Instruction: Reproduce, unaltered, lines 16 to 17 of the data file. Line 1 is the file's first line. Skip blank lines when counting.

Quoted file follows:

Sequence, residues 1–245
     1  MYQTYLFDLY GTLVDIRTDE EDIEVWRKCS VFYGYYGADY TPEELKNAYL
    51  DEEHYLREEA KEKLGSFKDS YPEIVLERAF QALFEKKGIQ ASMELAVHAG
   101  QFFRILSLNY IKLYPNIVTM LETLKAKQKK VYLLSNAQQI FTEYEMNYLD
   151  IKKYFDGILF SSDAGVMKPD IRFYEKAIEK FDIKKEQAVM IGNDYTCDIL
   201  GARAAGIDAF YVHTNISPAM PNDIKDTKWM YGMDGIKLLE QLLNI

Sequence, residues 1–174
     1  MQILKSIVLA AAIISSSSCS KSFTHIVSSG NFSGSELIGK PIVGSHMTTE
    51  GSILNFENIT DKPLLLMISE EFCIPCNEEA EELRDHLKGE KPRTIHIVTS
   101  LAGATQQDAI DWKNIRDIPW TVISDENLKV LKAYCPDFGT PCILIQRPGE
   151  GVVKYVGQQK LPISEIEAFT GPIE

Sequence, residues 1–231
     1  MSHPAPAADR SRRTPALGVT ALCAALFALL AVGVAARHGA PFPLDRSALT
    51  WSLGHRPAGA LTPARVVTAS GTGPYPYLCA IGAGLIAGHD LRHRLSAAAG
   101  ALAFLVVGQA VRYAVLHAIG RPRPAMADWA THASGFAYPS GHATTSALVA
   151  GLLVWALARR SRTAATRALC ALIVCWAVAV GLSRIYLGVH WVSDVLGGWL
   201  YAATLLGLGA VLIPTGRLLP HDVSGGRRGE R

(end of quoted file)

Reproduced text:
   151  GLLVWALARR SRTAATRALC ALIVCWAVAV GLSRIYLGVH WVSDVLGGWL
   201  YAATLLGLGA VLIPTGRLLP HDVSGGRRGE R